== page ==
You know the season - sun’s out, buns out! As the days are heating up, the layers of clothing seem to be thinning too. If your weight has been stopping you from living your best life this summer, the time is now to take control and commit to a healthier life. We know slimming down is not an easy process, especially with our busy schedules, cravings, and temptations. Besides basic diet and exercise, burning off the excess fat may be influenced by other factors. There are many steps you can take proactively to help shed unwanted weight quickly and easily. Keep reading to find out how you can speed up your weight loss below!
For most people, the mere word “muscles” brings to mind huge muscular bodybuilders... The importance of muscle mass, strength, and power for physical performance in exercise and sports is obvious. However, muscles aren’t just for show or athletics. Here I will explain why….
It is well-documented that testosterone levels decline with age in men.
After the age of 40 years, total testosterone decreases on average -4 ng/dL ( -0.124 nmol/L) per year  or 1.6% per year , and bioavailable testosterone by -2 to 3% per year.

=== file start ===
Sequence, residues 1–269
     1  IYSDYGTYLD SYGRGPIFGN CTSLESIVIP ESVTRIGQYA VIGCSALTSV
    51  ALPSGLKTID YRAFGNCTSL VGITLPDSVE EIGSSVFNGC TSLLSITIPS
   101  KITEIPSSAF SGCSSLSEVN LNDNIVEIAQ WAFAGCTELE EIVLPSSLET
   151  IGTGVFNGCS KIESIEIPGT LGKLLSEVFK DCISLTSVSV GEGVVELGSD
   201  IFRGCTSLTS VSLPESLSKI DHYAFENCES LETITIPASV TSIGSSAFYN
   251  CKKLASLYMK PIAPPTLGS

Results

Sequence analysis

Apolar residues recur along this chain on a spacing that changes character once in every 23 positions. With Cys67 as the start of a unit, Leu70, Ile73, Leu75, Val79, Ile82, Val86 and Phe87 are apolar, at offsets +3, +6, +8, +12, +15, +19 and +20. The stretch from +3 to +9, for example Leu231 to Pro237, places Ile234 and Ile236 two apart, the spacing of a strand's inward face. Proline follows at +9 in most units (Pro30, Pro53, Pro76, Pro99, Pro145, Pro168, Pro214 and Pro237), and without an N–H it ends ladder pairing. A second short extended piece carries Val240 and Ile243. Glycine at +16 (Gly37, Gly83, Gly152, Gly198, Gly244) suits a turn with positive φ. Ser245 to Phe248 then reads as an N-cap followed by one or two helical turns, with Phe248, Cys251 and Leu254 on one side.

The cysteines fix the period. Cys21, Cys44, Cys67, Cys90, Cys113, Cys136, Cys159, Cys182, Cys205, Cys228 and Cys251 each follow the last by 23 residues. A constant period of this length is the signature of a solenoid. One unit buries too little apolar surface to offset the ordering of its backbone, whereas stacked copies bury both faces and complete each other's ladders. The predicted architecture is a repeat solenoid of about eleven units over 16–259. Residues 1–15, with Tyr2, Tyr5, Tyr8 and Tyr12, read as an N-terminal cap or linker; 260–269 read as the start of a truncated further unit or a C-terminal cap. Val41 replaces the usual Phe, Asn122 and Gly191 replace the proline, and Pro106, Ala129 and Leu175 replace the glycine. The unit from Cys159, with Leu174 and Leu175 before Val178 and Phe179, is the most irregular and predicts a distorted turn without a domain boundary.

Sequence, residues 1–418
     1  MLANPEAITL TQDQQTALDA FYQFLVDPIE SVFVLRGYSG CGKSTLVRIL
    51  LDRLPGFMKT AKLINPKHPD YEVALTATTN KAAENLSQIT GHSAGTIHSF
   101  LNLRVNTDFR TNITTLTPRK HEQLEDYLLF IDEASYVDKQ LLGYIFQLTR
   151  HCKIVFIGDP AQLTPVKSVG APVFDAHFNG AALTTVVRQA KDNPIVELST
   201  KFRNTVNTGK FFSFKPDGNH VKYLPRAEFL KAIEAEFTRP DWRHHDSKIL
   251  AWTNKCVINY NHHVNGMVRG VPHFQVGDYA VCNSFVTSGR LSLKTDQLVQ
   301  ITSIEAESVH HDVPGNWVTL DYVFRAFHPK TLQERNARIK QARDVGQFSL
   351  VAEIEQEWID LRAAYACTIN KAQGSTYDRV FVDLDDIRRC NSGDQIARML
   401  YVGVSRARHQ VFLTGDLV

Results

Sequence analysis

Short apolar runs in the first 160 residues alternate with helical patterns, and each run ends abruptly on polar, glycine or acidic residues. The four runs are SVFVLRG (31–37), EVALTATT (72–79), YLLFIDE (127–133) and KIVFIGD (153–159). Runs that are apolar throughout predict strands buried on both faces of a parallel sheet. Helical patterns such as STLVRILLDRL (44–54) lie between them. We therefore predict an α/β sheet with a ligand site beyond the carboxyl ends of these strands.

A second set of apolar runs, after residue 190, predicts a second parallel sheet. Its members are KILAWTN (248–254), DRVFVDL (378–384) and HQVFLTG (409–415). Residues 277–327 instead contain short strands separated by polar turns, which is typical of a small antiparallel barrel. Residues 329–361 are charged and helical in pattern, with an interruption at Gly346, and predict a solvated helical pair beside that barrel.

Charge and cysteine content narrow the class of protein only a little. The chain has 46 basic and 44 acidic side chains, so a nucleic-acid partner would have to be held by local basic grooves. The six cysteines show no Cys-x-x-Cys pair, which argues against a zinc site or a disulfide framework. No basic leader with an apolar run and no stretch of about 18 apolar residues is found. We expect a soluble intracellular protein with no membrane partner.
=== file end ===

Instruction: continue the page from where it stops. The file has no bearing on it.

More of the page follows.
In older men (over 60 years of age), the average rate of decrement in total testosterone levels has been found to be 110 ng/dL every decade.
However, the relative contributions of changes in health and lifestyle to that decline have not been adequately evaluated. A notable study was set out to investigate this...
The objective of this study was to establish the relative importance of aging, health, and lifestyle in contributing to the testosterone decline in aging men.
Prediabetes is a condition in which blood glucose level is higher than normal but does not reach the level for diabetes diagnosis.[1, 2] Studies have shown that people with prediabetes tend to develop type 2 diabetes within 10 years, and are at increased risk for cardiovascular disease.
Among US adults over 18 years, the prevalence of prediabetes has increased from 29.2% in 1999 to 36.2% in 2010. Considering the entire US population in 2010 (approx. 309 million, data from US Cencus), this corresponds to 112 million US adults, or over one third of the US population.
Data from non-diabetic men have revealed an inverse association between insulin resistance and testosterone levels; i.e. a higher degree of insulin resistance is associated with lower testosterone levels.[4-6] This raises the question whether prediabetes, which is a state of increased insulin resistance, is also associated with low testosterone. However, few studies have investigated testosterone levels in men with prediabetes, and the risk of testosterone deficiency in men with prediabetes has not been reported.
Because the prevalence of prediabetes is affecting such a large number of Americans, and is on the rise, it is important to investigate how this condition might affect testosterone levels. Knowing that can help
detect men who are likely to have testosterone deficiency and might be at risk for health derangements caused by low-T.